Still, I would get tired of putting my hair in protective styles. Whenever I took out my braids, the dilemma of another protective styling would settle on me like morning dew. I couldn’t leave my hair out because it would shrink and get bumpy under my hijab, so I settled on the idea of locs.

My favourite part of this journey is letting my hair do what it wants and enjoying the process, without worrying about length. It was nice being at home during the lockdown as I didn’t wear the hijab and familiarised myself with my hair. I was so excited that I documented the whole journey. 

Figures like Halima Aden, the first Hijab-wearing supermodel, have brought Hijabi style into the mainstream eye [Getty Images]
Figures like Halima Aden, the first hijab-wearing supermodel,
have brought hijabi style into the mainstream eye [Getty]

So, my practical advice to other hijabis is to document their hair journey and get used to seeing yourself outside your hijab. I say this because I’ve noticed that when Muslim women talk about beauty and adornment – all those things thought to be a dichotomy between looking good and being a good Muslimah – we often neglect doing them for ourselves.

We seem to refer to beauty and self-adornment along with marriage (for example, ‘I will get my hair dyed when I get married) when we should look after our bodies and hairs for ourselves. Also, for protection under the hijabs, I usually use a silk bandana then wrap a pair of black tights around it. The silk protects my hair, and the tights prevent the silk from moving around.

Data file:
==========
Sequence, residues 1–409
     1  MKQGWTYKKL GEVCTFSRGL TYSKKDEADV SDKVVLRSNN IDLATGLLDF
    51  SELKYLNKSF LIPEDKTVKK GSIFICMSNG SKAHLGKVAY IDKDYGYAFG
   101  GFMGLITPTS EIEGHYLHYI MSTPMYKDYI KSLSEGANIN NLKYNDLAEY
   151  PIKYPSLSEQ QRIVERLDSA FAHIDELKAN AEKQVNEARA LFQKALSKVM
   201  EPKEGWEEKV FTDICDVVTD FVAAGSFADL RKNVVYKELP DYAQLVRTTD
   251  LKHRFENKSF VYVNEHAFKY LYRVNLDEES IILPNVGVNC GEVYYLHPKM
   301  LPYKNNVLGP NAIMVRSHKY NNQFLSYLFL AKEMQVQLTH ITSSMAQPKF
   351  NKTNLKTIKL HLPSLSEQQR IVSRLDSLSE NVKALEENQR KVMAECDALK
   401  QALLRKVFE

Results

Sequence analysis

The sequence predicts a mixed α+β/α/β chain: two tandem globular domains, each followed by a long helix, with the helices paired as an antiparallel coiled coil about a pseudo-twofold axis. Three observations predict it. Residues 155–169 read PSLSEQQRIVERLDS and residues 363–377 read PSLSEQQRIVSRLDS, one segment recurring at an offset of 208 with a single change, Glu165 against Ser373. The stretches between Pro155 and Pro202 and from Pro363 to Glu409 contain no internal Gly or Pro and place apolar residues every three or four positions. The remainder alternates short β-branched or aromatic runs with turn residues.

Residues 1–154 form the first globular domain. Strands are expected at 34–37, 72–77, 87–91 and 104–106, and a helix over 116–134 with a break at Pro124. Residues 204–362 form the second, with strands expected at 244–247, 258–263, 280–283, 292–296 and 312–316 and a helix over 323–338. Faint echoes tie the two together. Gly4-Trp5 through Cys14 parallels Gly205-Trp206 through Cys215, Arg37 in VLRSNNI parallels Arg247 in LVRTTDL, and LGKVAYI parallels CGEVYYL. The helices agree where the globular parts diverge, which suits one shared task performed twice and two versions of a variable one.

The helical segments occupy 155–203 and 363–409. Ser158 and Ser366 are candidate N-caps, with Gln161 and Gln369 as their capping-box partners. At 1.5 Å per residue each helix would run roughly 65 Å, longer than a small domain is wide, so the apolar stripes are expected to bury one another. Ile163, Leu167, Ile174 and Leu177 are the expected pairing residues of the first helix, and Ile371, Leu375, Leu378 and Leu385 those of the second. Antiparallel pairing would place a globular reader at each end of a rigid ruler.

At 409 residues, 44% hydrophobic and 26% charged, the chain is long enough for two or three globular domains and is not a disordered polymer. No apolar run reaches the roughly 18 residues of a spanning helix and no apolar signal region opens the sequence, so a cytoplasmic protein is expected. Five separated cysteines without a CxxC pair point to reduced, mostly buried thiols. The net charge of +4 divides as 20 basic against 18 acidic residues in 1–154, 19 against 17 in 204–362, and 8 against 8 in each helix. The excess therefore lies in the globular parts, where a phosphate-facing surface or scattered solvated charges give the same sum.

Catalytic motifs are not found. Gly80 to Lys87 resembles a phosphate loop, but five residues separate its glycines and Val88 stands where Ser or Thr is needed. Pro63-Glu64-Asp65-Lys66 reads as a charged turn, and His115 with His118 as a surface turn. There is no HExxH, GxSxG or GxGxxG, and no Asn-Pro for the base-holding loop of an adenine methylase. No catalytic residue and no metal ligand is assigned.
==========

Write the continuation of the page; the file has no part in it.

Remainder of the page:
Ibtisaam (4a/4b type)

My relationship with my hair and hijab is a love-hate type. I felt somewhat disconnected from my Blackness after I started wearing the hijab because I couldn’t show the part of my identity that I thought was the biggest. To take care of my hair, I braid and hydrate it a lot. This is why the discourse around braids being haram was a hard pill for me to swallow because braids are a huge part of Black hair culture.

So, for me it felt like being Black and Muslim was hard. Another thing I struggled with, especially since I face racism, was the fact that I wanted a cheat day (like in with dieting) when I could let out my Afro and be “Black enough”. This internal fight lasted until I realised that I could be both Black and Muslim.

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Alhamdulillah, I do think that my hair length makes it easier to care for my hair, as my parents had ensured that I grew out my hair from my childhood. I felt conflicted when I learnt that extensions were haram because people use the word ‘haram’ easily and I’ve heard many contradicting opinions that I don’t know which to follow – I also feel that saying extensions are haram is lowkey anti-Black. Still, when I use extensions, it’s usually about 5cm longer than my hair.